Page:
Hey, Marketers: 1 email doesn’t mean I want a relationship with you

Spam is like the telemarketing call of 2022.

Back in the day when people used phones to actually speak to each other, it was often a thrill when you heard ringing. Before the days of caller ID there was a sense of excitement when you wondered, “Ohhhhh, who’s calling?!?!” Anger set in when you realized it was a telemarketing call and you got up and ran to the phone for nothing.

Thanks to actual phone calls being on the way out, organizations have now implemented harassment emailing to get your attention. You know what I’m talking about.

Maybe you had to provide your email address when you signed up for a service. Maybe you needed to give contact info for access to an app. And I bet you quickly regretted making that information available.

You see, marketers have jumped on this whole email thing. They even have workflows for how to harass… er, contact you. You sign up on day 1, get a reminder email on day 3 if you haven’t taken action on your initial email, a week later you get another message asking if you still love them. They try to be playful but it’s annoying as hell.

I’ve even resorted to a decoy email address that I use solely for the purpose of sign-ups or mandatory contact info forms. I have a few “spam@____.com” email addresses just so I’m not overwhelmed by places I’ve had contact with one time.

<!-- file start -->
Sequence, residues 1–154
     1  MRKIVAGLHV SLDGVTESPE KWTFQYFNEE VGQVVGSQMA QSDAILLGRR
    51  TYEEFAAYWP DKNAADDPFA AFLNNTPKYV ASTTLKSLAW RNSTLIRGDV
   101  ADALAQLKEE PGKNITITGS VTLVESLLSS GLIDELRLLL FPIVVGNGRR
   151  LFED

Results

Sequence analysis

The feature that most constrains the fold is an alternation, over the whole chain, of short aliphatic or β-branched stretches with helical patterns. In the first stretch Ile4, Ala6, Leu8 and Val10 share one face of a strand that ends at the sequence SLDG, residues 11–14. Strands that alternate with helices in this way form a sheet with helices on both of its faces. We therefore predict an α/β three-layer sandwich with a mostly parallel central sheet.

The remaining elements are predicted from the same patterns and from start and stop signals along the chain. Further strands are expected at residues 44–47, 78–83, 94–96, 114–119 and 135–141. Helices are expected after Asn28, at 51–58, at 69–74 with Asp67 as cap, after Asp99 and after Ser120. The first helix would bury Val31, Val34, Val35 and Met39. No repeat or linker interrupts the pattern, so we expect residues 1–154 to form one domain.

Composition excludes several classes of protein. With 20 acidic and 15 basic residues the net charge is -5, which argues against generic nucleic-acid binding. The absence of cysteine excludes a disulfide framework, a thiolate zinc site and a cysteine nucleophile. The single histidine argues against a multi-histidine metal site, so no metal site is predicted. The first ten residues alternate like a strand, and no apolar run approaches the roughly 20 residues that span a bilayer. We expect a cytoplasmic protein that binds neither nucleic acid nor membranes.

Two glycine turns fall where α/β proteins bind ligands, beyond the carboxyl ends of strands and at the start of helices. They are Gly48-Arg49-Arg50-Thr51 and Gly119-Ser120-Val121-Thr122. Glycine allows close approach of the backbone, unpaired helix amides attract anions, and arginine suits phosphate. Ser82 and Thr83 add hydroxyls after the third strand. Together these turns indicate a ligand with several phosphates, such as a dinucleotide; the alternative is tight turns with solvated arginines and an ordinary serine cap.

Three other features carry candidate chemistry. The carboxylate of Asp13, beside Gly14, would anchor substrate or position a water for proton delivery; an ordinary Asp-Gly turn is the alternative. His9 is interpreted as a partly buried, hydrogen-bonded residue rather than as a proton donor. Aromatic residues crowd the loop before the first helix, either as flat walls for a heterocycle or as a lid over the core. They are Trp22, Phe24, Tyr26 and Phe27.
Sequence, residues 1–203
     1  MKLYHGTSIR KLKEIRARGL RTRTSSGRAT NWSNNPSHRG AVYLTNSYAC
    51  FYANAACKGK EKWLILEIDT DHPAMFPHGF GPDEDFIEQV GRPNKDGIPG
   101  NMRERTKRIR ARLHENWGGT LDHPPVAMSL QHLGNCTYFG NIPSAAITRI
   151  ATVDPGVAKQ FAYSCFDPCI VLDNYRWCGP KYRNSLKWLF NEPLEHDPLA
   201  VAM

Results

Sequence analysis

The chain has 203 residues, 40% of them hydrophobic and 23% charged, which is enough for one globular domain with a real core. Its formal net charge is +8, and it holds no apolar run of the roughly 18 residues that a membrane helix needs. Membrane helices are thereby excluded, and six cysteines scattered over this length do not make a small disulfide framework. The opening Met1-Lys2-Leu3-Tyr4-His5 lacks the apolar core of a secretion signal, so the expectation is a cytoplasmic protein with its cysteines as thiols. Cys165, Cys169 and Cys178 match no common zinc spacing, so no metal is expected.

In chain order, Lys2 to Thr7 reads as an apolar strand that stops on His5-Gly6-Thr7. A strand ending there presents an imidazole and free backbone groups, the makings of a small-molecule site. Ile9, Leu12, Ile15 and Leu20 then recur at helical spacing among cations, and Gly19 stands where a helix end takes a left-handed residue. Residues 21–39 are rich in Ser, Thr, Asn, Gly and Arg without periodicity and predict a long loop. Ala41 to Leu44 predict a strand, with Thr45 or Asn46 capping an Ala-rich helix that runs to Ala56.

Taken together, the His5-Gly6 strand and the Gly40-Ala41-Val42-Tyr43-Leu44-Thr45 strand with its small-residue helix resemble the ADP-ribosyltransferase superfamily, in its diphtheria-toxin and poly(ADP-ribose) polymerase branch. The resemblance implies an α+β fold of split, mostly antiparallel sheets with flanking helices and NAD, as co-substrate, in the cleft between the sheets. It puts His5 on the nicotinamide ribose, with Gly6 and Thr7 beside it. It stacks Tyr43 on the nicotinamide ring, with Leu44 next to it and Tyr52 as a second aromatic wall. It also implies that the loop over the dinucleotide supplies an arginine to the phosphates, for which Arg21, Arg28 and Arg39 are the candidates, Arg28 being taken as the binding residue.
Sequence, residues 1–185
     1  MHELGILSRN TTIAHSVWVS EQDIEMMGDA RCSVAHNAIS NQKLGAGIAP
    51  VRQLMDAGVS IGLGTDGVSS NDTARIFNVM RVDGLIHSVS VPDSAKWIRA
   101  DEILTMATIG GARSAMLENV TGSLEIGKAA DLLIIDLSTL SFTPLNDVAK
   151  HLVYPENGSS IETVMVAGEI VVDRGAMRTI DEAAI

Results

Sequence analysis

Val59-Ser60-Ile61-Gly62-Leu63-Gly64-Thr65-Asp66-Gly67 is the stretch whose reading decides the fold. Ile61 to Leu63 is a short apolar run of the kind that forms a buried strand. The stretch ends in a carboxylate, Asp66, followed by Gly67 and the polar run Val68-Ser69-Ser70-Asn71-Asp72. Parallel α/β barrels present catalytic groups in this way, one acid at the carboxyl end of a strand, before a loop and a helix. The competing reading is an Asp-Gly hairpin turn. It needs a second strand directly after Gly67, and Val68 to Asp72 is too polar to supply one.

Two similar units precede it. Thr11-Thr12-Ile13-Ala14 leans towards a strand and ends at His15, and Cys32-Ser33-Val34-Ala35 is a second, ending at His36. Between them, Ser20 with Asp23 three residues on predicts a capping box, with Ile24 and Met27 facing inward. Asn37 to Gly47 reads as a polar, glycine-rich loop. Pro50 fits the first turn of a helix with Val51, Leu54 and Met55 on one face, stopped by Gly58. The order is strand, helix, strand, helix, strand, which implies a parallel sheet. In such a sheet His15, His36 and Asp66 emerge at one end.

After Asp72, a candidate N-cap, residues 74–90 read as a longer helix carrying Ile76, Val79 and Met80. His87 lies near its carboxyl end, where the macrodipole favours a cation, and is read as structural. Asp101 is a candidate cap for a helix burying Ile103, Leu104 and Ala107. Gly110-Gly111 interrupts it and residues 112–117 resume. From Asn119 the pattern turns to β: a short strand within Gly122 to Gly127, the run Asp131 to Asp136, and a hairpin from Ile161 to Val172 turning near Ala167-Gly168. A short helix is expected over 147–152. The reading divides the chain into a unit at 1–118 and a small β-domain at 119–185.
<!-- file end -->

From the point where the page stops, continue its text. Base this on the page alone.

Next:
It’s true, just because I asked for a quote on carpet cleaning, or a new door or inquired about your new product, doesn’t mean I want a clingy long-term relationship with you.

Think about it: If you had just met someone and swapped phone numbers and they started blasting you with texts, you’re probably going to want to distance yourself from their stalker-ish tendencies.

It’s no different for marketing. Despite what social media or marketing experts say, it actually doesn’t work in your favour with me. It works against you — big time. I will remember your company’s name and file it away in the “harassment” section of my brain. I will remember you for all the wrong reasons.

I did reach out to a company for a quote on carpet cleaning. (I will spare them the shame of blasting their name on here — and giving them free advertising.) I requested a quote on a Sunday evening. By late Monday morning I got another email asking if I received the quote. And then in the afternoon I got an unsolicited email from them with three tips for carpet maintenance.

Three emails in less than 24 hours. Aggressive? Yes. Necessary? No. Desperate? Hell yeah.

In the end I didn’t want to go with their service so I replied with a “thanks, but I’ll pass” email and then — boom — got another email almost right away. This time the subject line was, “Sorry, we couldn’t make things work.”

I asked for one bit of information and in less than a day felt like I was already getting sucked into a clingy relationship. Some people might appreciate those kinds of messages. For me, I know that they are generally automated and triggered by my actions so I’m not offending someone if I don’t reply.

If you want to do business, let me come to you. Throwing yourself at me doesn’t make me want to give you my attention.

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